Qingming Festival (Tomb Sweeping Day) Date in the current year: April 5, 2019

Qingming Festival (Tomb Sweeping Day) The Qingming Festival, also known as Tomb Sweeping Day, is a traditional Chinese festival observed on the 15th day after the Vernal Equinox, which corresponds to April 4, 5 or 6 in the Gregorian calendar. It is a public holiday in mainland China, Taiwan, Hong Kong, and Macau.

The roots of the Qingming Festival can be traced back to the ancient Cold Food Festival (Hanshi). The Hanshi Festival was established in the 7th century BC to commemorate the death of Jie Zhitui, a Han aristocrat who served Prince Chong’er during his exile. He famously saved the starving prince’s life by cutting a chunk of meat from his own thigh to cook his lord some soup.

When Chong’er was enthroned as Duke of Jin, he decided to find Jie, who had left to live a secluded life in the forest near Mount Mian, and reward him for his loyalty. Jie didn’t want to come back to court, so he ignored the duke’s invitations. To force Jie out, the duke ordered to start a forest fire. However, Jie didn’t come out and was burned alive together with his elderly mother.

When the duke realized what he had done, he renamed the mountain after Jie, founded the city of Jiexu at its foot, erected a temple in Jie’s honor, and inaugurated the Hanshi festival as a memorial period for his loyal servant. During the festival, people avoided the lighting of fire, even to prepare food, hence the name “Cold Food Festival”.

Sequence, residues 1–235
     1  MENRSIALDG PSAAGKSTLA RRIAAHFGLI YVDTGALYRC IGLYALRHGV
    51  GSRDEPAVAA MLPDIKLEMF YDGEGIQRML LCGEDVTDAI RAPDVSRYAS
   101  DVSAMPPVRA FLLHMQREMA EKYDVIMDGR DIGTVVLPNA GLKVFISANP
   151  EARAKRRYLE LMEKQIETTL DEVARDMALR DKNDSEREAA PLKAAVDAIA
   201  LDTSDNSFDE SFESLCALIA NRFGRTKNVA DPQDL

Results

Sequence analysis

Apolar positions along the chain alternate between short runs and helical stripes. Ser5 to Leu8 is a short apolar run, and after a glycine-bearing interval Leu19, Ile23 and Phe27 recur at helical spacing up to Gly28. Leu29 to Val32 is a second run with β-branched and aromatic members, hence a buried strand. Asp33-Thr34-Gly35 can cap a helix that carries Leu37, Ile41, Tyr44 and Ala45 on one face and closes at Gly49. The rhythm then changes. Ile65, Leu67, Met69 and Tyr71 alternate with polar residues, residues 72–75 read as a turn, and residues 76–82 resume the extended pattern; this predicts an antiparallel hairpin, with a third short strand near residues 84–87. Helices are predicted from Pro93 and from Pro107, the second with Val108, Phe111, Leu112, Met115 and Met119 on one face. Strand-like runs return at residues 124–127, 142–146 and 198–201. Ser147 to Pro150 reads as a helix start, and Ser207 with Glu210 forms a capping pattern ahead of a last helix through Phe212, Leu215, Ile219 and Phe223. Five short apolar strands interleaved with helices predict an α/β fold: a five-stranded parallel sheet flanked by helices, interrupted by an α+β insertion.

Originally, the Cold Food Festival was celebrated in midwinter and lasted for a month. However, the practice of not lighting fires for so long during the cold season was very dangerous for children and the elderly. After several unsuccessful attempts to ban the festival local rulers shortened it to just three days and moved the celebration to mid-spring.

Over the years, the Cold Food Festival has been transformed into the present-day Qingming Festival dedicated to remembering ancestors. In English, the festival is usually referred to as Tomb Sweeping Day, Chinese Memorial Day or Ancestors’ Day. During the festival, Chinese families visit the graves of their relatives to clean and sweep grave sites, worship their ancestors, make ritual offerings of food and burn joss paper.

In mainland China, the festival is associated with qingtuan, a type of dumpling made of glutinous rice and filled with sweet bean paste. The rice is mixed with barley grass or Chinese mugwort, giving it a bright green color. Qingtuan is hard to make and the grass it’s made with is only edible in spring, so it is cooked exclusively for the Qingming Festival.

The Qingming Festival has been observed by the Han Chinese for more than 2.5 millennia. It was declared as a public holiday in mainland China in 2008. In Taiwan, it used to always be observed on April 5 to commemorate the death anniversary of Chaing Kai-shek, a Taiwanese military leader and politician. However, when his party fell out of power, the association between Chaing Kai-shek’s death anniversary and the Qingming Festival ceased to exist. In present-day Taiwan, the holiday is observed on the same day as in mainland China, depending on the date of the Spring equinox.

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Category

Public Holidays, Cultural Observances, Folk Festivals

Country

China, Hong Kong, Macau, Taiwan

Tags

Qingming Festival, Tomb Sweeping Day, Hanshi Festival, Cold Food Festival, Chinese festivals, public holidays in China